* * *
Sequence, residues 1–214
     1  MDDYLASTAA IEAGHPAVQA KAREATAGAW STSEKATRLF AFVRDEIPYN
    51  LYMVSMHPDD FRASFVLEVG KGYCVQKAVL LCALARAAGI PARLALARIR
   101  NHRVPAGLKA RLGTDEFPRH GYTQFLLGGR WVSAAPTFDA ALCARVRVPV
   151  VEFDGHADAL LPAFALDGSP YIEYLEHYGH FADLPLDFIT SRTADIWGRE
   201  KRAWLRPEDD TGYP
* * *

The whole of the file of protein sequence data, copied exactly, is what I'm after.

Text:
Sequence, residues 1–214
     1  MDDYLASTAA IEAGHPAVQA KAREATAGAW STSEKATRLF AFVRDEIPYN
    51  LYMVSMHPDD FRASFVLEVG KGYCVQKAVL LCALARAAGI PARLALARIR
   101  NHRVPAGLKA RLGTDEFPRH GYTQFLLGGR WVSAAPTFDA ALCARVRVPV
   151  VEFDGHADAL LPAFALDGSP YIEYLEHYGH FADLPLDFIT SRTADIWGRE
   201  KRAWLRPEDD TGYP